Autumn is upon us, and with it comes sweaters, warm beverages, and maybe even a little candy. Yet we are all taking each season and celebration differently this year. As social distancing impacts our trick-or-treating, patrols and conservationists around the world are also having to adapt. In this eNewsletter we go to Kenya to learn about the increased challenges affecting the Mounted Horse Patrol Team and the rest of the Mount Kenya teams.
How COVID-19 is Affecting the Mountain
Even Mount Kenya, a UNESCO World Heritage site, is not immune to the negative effects of the global pandemic. Our conservation partners at the Mount Kenya Trust report that illegal activities are increasing month by month.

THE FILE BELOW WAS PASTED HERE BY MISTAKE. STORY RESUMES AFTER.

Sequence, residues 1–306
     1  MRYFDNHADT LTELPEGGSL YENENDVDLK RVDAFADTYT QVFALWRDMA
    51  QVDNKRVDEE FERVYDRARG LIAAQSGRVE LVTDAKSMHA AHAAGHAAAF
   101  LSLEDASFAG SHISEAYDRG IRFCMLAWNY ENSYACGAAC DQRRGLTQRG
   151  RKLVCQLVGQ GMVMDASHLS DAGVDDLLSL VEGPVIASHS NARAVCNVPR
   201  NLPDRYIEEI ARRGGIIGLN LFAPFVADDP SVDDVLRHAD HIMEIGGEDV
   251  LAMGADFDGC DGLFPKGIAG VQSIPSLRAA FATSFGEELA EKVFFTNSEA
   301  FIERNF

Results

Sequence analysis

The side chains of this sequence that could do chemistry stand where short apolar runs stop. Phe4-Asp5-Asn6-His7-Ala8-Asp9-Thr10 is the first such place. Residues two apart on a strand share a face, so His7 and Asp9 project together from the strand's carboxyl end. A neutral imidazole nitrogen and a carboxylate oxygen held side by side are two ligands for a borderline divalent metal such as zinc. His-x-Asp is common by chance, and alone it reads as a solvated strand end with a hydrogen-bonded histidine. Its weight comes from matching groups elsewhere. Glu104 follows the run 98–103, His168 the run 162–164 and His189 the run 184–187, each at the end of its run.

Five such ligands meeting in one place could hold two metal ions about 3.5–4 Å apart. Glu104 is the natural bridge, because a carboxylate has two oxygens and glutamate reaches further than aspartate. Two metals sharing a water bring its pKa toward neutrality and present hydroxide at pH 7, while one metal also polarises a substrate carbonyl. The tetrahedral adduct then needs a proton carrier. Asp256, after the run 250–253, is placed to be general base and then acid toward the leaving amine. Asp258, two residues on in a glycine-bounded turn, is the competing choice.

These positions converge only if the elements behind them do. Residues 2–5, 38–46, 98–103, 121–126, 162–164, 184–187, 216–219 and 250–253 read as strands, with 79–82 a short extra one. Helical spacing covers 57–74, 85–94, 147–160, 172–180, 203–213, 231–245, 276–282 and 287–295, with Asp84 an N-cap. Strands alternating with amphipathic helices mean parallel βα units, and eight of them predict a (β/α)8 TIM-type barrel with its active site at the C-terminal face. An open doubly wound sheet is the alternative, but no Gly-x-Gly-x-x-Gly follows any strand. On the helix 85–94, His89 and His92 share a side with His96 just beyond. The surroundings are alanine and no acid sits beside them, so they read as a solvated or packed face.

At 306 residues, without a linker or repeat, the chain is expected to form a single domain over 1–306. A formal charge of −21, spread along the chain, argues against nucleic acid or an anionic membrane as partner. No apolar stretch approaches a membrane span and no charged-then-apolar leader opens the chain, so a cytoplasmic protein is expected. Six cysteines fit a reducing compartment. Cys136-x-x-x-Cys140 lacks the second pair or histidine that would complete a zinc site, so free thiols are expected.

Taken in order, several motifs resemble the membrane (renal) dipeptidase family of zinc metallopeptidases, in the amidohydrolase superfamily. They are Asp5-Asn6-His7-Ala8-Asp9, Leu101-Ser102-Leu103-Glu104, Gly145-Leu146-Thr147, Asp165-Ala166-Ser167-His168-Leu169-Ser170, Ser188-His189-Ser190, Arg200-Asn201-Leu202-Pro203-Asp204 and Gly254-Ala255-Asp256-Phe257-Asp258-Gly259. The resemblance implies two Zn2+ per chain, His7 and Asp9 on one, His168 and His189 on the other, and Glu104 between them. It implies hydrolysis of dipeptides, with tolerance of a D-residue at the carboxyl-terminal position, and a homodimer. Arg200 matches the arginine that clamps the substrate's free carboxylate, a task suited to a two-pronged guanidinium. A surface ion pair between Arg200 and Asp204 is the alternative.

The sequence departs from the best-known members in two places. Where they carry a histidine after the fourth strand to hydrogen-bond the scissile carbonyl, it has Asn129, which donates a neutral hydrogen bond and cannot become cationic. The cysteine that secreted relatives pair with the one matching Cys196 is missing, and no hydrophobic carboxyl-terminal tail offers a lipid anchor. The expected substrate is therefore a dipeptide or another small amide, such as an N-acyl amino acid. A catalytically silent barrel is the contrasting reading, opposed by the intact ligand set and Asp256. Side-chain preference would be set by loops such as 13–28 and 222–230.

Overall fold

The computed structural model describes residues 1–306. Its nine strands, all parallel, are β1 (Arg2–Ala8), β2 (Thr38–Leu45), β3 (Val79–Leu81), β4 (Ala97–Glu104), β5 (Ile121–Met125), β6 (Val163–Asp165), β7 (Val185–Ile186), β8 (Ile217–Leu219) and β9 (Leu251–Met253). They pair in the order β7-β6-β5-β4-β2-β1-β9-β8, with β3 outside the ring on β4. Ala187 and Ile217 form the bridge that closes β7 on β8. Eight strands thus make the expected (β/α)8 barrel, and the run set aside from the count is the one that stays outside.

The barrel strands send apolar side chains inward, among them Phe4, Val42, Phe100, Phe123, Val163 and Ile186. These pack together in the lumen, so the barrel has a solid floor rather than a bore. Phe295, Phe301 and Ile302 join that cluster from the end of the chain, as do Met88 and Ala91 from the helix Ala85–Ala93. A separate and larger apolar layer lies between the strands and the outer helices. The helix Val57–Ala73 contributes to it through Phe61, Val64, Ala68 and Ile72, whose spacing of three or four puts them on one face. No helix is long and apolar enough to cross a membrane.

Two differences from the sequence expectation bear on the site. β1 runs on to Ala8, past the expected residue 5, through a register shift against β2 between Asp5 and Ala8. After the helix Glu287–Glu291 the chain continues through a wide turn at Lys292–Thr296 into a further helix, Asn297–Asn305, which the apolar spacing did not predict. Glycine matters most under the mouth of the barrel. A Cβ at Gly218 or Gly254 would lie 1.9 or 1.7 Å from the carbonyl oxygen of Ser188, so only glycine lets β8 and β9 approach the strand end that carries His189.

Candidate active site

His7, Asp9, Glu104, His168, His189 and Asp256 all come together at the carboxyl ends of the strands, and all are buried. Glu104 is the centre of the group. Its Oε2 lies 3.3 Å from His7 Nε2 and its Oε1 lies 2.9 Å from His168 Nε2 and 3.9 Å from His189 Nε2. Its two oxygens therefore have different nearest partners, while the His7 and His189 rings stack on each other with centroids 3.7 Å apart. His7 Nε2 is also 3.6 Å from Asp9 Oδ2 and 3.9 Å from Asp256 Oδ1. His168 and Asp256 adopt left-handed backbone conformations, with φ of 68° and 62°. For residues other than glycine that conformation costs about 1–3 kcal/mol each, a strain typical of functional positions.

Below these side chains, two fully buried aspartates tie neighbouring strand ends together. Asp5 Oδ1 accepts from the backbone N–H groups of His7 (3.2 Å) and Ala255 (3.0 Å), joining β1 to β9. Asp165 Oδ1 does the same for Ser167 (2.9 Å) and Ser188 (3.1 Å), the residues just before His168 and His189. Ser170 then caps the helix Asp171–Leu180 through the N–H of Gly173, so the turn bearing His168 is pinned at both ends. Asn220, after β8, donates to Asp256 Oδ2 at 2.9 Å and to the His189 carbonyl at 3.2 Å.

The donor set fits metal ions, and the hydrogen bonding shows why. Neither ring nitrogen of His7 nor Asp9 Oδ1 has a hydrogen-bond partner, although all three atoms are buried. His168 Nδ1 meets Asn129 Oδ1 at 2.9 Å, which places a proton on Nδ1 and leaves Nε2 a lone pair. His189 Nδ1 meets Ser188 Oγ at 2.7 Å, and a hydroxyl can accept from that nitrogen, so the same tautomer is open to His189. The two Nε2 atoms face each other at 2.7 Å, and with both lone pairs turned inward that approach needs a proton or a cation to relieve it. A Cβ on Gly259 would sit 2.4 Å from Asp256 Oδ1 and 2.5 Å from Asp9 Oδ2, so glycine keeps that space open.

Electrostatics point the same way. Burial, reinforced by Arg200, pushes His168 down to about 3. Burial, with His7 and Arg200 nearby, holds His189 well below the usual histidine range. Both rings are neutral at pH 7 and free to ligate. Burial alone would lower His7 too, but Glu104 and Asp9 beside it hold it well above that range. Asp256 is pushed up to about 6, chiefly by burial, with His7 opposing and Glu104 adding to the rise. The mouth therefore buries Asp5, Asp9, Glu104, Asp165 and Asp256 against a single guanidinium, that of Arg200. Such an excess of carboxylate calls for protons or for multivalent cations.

From July to September:
121 snares were removed, including 2 fishing nets. This is a new high.
222 people were directly encountered within protected Reserve land, the highest observed in the past six months.
Nearly 1200 domestic animals were recorded illegally grazing (cows, sheep, donkeys and goats). This degrades habitat.
64 charcoal kilns were found. Another example of habitat destruction.
326 illegal fenceposts were found.
21 arrests were made, mainly for illegal logging, and two others for bushmeat poaching.
Tourist revenue for Kenya Wildlife Service (KWS) at Mt. Kenya has declined by 96 per cent, triggering budget cuts, thereby making community-based forest security patrols (like the IEF supported Mounted Horse Patrol Team) even more critical.
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